It may sound like an oxymoron to call a $2,500 TV a bargain, but when compared to previous OLED models that cost thousands more, LG's 55-inch B6 is a relative steal — especially for what is in many ways the best 4K picture available.
The 55-inch LG B6 is the company's third-from-the-top OLED (organic light-emitting diode) display. OLEDs offer several benefits over LCD sets, yielding deep blacks, staggering sharpness and excellent viewing angles. The LG B6 boasts all these advantages and more. It supports not one, but several high dynamic range (HDR) formats: standard HDR10 video, Ultra HD Premium and Dolby Vision. So why does this set cost $1,000 less than the comparable LG E6? It doesn't support 3D (no great loss), doesn't boast the eye-catching picture-on-glass design, doesn't have the new designer remote control and lacks the rich sound of the more expensive model. Can you live with those compromises? We can.
Design: Floating worlds
LG has given the B6 a Zen-like design flourish (something adopted from the earlier EF9500 model) to make it appear as if the set is floating above a tabletop. That's thanks to a single, wide pedestal made out of transparent Plexiglas. Together with a very narrow black bezel that's nearly invisible, the cumulative effect is to draw your attention more toward the screen itself than what's around it.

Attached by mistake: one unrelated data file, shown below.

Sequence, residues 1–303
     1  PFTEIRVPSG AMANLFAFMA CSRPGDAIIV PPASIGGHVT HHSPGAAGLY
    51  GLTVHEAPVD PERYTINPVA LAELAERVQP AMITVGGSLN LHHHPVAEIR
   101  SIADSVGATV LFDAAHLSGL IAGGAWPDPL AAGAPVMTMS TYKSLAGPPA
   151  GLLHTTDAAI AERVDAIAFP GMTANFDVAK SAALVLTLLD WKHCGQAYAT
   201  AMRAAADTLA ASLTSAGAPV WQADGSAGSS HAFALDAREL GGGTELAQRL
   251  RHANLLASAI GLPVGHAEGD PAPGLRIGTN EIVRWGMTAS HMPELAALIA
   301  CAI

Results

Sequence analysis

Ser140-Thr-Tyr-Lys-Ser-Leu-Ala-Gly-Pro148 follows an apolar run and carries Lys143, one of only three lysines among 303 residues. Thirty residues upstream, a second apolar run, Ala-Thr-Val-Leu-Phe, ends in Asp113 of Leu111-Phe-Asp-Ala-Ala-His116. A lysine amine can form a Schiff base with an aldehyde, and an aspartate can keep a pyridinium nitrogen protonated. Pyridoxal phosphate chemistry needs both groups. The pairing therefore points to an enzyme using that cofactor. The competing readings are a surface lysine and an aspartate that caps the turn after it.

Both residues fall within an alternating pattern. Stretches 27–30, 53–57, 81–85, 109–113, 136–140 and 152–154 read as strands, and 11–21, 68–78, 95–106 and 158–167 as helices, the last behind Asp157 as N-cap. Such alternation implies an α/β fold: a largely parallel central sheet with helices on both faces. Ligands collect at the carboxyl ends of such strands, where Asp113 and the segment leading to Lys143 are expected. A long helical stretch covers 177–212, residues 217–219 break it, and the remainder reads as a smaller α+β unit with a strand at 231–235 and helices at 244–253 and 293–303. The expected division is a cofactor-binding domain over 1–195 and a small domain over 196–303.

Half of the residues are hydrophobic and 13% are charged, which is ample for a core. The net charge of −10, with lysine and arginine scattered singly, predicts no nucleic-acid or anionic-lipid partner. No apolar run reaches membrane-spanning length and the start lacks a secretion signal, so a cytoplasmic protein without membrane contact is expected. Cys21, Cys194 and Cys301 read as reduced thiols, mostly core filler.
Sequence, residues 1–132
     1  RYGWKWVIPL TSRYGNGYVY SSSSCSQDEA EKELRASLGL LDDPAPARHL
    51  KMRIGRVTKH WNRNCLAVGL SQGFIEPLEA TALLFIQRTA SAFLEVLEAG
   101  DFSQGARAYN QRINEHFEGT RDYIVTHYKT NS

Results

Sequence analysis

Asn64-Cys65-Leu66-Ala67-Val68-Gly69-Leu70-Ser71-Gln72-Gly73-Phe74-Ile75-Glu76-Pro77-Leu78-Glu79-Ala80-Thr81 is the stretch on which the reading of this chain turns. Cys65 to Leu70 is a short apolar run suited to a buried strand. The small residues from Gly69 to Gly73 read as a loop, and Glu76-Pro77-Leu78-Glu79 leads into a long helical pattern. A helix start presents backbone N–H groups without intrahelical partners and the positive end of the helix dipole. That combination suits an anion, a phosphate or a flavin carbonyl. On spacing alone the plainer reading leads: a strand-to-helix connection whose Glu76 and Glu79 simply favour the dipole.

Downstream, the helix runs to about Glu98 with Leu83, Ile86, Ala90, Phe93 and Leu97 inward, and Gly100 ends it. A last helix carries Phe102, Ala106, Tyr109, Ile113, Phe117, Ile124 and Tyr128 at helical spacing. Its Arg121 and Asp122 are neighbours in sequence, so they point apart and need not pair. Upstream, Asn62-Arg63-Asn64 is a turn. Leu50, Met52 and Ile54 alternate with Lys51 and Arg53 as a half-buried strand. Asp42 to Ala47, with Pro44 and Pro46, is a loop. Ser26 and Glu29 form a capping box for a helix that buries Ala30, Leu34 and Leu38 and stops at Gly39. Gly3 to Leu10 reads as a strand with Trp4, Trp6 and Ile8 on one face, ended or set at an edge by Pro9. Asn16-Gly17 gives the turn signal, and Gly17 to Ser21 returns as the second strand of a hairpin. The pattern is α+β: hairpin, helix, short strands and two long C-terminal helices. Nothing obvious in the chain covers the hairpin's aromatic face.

The panel is also thinner than the one on the more expensive E6 model; it's just 1.9 inches thin. But the LG B6 still has all the necessary connections for a home-theater setup, including four HDMI jacks, an Ethernet port and built-in Wi-Fi.
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Performance: Crystal clear
It is almost impossible to dislike the LG B6's picture. Some may point out that in terms of maximum brightness, OLEDs are not as bright as LCD sets, but the brightness range from total black to peak illumination blows away LCDs, which simply cannot get down to true black. And while there have been quibbles about color in the past, LG's latest OLED phosphors seem to have addressed the issue, turning in respectable color-accuracy charts in our tests.
Supposedly, this panel should be identical to the E6, but our tests showed there was less drift toward cooler blues on the LG B6 than the E6 set, although this could be chocked up to differences in the manufacturing process or samples (the B6 is not a "picture-on-glass" design).
Watching 4K HDR programs on the LG B6 is a genuine pleasure. Whites, for example, look blisteringly clean compared to pictures on other sets such as Samsung's KS9000, which can make some white objects look jaundiced by comparison. The LG B6's ability to show bright highlights also makes for darkness-cutting flashlights in The Martian and even reveals how some costumes have different white materials sown into the fabric.
A related advantage is that because OLEDs can turn individual pixels on or off, there's almost no light leakage that might bleed from, say, a spotlight into the surrounding darkness in an image. It means that an astronaut spinning in space or a shot of the space shuttle against a black background did not produce any artificial halo effects; no LCD is able to manage this without some light seeping out.